A medical transport helicopter pilot who was fired after refusing to fly a reportedly unsafe aircraft has won both job reinstatement and compensation for owed wages and damages from the Occupational Safety and Health Administration (OSHA).

According to an OSHA press release issued on January 8, the pilot had been assigned to Air Methods Corp.'s station in Lucasville, Ohio, where he had refused to fly a helicopter on July 30, 2013, after determining that its emergency locator transmitter was malfunctioning. The pilot's refusal to handle an aircraft that wasn't functioning properly earned him administrative leave from his employer, which turned into a full-blown termination just a few days later, on August 5. The incident prompted an OSHA investigation that determined Air Methods had violated the Wendell H. Ford Aviation Investment and Reform Act for the 21st Century (AIR21) by retaliating against the employee for whistleblowing.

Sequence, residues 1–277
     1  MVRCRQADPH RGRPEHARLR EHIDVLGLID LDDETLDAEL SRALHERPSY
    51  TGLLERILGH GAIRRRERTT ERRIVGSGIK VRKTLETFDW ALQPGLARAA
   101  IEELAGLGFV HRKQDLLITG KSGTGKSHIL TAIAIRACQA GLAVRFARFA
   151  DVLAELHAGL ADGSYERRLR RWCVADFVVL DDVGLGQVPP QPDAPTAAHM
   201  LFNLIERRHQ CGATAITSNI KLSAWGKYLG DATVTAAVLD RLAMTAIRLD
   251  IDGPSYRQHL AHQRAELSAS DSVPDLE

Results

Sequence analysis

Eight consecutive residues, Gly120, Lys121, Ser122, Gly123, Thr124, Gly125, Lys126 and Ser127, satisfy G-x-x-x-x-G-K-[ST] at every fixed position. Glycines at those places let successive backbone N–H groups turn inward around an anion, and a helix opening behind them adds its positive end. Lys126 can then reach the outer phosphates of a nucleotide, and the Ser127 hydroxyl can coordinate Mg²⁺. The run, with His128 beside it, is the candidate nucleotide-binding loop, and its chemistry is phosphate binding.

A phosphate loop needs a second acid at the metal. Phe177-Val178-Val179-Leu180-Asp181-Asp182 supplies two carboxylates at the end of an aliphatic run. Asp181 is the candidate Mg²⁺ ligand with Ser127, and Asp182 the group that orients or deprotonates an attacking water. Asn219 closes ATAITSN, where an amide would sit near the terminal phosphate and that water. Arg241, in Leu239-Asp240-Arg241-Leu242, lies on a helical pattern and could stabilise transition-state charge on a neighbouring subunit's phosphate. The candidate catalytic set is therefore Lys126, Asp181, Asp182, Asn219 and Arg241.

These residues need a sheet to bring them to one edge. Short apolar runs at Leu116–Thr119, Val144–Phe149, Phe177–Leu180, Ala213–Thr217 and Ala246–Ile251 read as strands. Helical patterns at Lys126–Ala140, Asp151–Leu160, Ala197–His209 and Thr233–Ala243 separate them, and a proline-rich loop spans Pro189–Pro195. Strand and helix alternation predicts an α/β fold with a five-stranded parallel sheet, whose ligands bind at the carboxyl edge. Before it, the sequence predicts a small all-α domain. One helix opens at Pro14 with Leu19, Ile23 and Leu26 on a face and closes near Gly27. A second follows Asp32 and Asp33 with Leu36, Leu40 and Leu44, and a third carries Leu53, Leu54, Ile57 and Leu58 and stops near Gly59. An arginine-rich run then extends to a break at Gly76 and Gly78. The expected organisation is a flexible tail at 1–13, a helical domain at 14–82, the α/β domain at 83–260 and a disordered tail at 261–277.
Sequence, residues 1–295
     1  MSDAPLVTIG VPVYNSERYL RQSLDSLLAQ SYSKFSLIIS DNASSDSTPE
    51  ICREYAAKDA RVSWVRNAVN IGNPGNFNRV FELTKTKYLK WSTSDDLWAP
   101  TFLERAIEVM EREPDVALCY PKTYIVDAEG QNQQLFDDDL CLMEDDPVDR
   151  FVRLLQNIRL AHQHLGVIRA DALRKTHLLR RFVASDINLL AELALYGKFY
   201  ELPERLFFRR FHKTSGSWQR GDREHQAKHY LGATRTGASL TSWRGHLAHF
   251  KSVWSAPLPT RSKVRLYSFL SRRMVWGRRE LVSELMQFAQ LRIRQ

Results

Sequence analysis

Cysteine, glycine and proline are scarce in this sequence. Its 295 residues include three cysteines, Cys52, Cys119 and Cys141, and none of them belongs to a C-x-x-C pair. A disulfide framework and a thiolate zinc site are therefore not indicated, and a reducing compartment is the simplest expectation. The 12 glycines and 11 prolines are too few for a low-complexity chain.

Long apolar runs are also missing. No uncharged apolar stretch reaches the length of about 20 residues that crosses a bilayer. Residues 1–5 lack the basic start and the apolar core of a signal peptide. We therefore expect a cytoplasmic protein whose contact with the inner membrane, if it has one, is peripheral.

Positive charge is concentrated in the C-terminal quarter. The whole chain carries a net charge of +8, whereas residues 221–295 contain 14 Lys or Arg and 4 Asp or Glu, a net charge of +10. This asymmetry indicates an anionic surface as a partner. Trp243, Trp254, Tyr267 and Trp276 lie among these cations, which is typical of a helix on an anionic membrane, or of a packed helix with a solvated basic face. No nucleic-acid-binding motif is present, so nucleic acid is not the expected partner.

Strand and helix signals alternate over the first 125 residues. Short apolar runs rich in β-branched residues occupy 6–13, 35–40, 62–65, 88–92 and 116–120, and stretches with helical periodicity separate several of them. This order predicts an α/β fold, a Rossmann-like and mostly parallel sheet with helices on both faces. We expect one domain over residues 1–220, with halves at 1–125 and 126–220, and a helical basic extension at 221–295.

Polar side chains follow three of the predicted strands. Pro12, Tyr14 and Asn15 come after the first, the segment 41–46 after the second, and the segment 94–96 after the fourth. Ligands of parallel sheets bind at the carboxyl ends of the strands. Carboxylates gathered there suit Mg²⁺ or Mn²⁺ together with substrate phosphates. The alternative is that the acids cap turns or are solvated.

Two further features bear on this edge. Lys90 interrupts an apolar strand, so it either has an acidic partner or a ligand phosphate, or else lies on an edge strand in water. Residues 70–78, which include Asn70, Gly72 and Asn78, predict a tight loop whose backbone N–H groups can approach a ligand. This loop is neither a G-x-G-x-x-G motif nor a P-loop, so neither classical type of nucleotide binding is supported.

"Pilots should never have to choose between the safety of themselves and their passengers, and their job," Nick Walters, the regional administrator for OSHA Chicago, said in an official statement. "Whistleblower protections are critical to keeping workplaces safe. Disciplining an employee for following safety procedures is illegal and puts everyone at risk."

As part of its investigation, OSHA has ordered Air Methods to both reinstate the pilot and pay him $158,000 in owed wages, as well as an additional $8,500 in damages. The disciplinary action must also be expunged from the pilot's record.

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